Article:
Understanding Interstate Relocation Laws

According to research, 17 to 25% of parents relocate within the first two years of a divorce, leaving behind the area where their former spouse may still be living. The reasons for a relocation vary—some move away due to new professional opportunities that have come up in another state; others because of a change in their financial situation; others still may simply feel the need to start anew in another place. Whatever the underlying cause, relocating after a divorce (especially to another state), will usually affect child custody and support arrangements. In fact in Florida, specific laws set conditions that the relocating parent must meet before relocating.

However, in some cases, the child custody and support agreement agreed upon at the time of the divorce needs to be modified considerably and adapted to the new circumstances. Whether you are the parent weighing the decision to relocate, or the parent asked to grant the permission for the move, you are facing a complex and emotionally taxing situation.

While many factors may be involved in the decision-making process, what you need to make sure of first and foremost is that you know your rights and the laws that apply to your situation. In this blog, we will briefly explain a few of the things you need to know about interstate relocation laws in Florida:

If A Parent Wants to Relocate

Laws relating to relocating with children after a divorce in Florida are somewhat strict. The pertaining section of the Florida Statutes indicates that if a parent wants to move with a child more than 50 miles away from the original location for more than 60 days at a time, they are legally obliged to inform the non-relocating parent and obtain his or her consent.

Such consent must be submitted in written form to the court along with a written contract, signed by both parents, detailing any changes in the visitation schedule. If other parties, like grandparents, have visitation rights too, they need to agree to the move and relocation as well. In addition, transportation arrangements related to the new time-sharing schedule must be clearly outlined in the agreement too.

If the Non-Relocating Parent Does Not Agree

If the consent is not granted, a court order must be obtained. Only under the condition of obtaining such order, the relocating parent may legally move a child. The petition to obtain the order must include all the pertaining details of the relocation: for example, the reason for it, the date of the move, the new address (including the telephone number if applies), and a proposed visitation schedule for the non-relocating parent and other family members with the visitation rights. A transportation plan should be outlined as well. The petition must also include a notice to the other parent, informing them how to object.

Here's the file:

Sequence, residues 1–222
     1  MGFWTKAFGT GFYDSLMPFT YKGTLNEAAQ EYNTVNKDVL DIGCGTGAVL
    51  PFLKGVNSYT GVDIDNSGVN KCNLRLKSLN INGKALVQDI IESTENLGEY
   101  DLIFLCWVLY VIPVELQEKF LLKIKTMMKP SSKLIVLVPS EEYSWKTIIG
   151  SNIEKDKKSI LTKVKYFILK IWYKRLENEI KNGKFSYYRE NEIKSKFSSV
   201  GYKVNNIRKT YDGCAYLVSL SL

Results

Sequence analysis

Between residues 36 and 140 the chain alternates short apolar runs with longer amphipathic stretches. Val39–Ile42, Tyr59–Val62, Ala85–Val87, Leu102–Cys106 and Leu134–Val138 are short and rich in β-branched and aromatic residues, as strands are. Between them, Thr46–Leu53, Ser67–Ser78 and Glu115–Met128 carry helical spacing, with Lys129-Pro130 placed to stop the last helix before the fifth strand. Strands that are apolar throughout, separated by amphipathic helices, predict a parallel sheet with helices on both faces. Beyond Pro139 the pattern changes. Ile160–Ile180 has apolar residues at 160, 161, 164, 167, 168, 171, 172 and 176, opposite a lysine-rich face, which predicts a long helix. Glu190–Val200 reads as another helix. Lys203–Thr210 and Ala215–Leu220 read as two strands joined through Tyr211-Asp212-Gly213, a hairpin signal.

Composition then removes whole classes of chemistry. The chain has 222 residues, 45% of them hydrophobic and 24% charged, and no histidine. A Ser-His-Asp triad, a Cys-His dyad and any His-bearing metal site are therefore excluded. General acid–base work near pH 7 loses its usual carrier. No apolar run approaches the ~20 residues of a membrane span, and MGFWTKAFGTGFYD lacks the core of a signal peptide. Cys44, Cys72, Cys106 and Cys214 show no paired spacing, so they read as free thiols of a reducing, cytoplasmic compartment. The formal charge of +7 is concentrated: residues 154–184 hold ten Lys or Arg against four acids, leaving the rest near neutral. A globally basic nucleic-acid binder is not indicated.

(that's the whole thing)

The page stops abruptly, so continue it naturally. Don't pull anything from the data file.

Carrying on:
Relocating Without Consent

The non-relocating parent has 20 days to respond to the petition and if he or she doesn’t do so, the court may grant the relocation request without a hearing. However, if the non-relocating parent fails to comply with any of the requirements mentioned above and proceeds with the move anyway, a legal battle between the parents may ensue.

The court may issue an order compelling the child to return and the non-compliance may be a reason for the non-relocating parent to start proceedings to considerably modify the parenting plan agreement. Section 61.13001 of the Florida Statutes informs that the “non-compliance may be taken into account by the court in a subsequent determination or modification of the parenting plan, access, or the time-sharing schedule”.

Get Reliable Help

If you are facing any legal issues related to child relocation after a divorce, it is highly probable that you will need an experienced Florida family attorney. Whether you are a parent seeking to relocate or objecting to a relocation, the legal team Rotella & Hernandez will listen to your case with compassion and advise you on the best course of action available. Contact us today, calling 786-571-8472.

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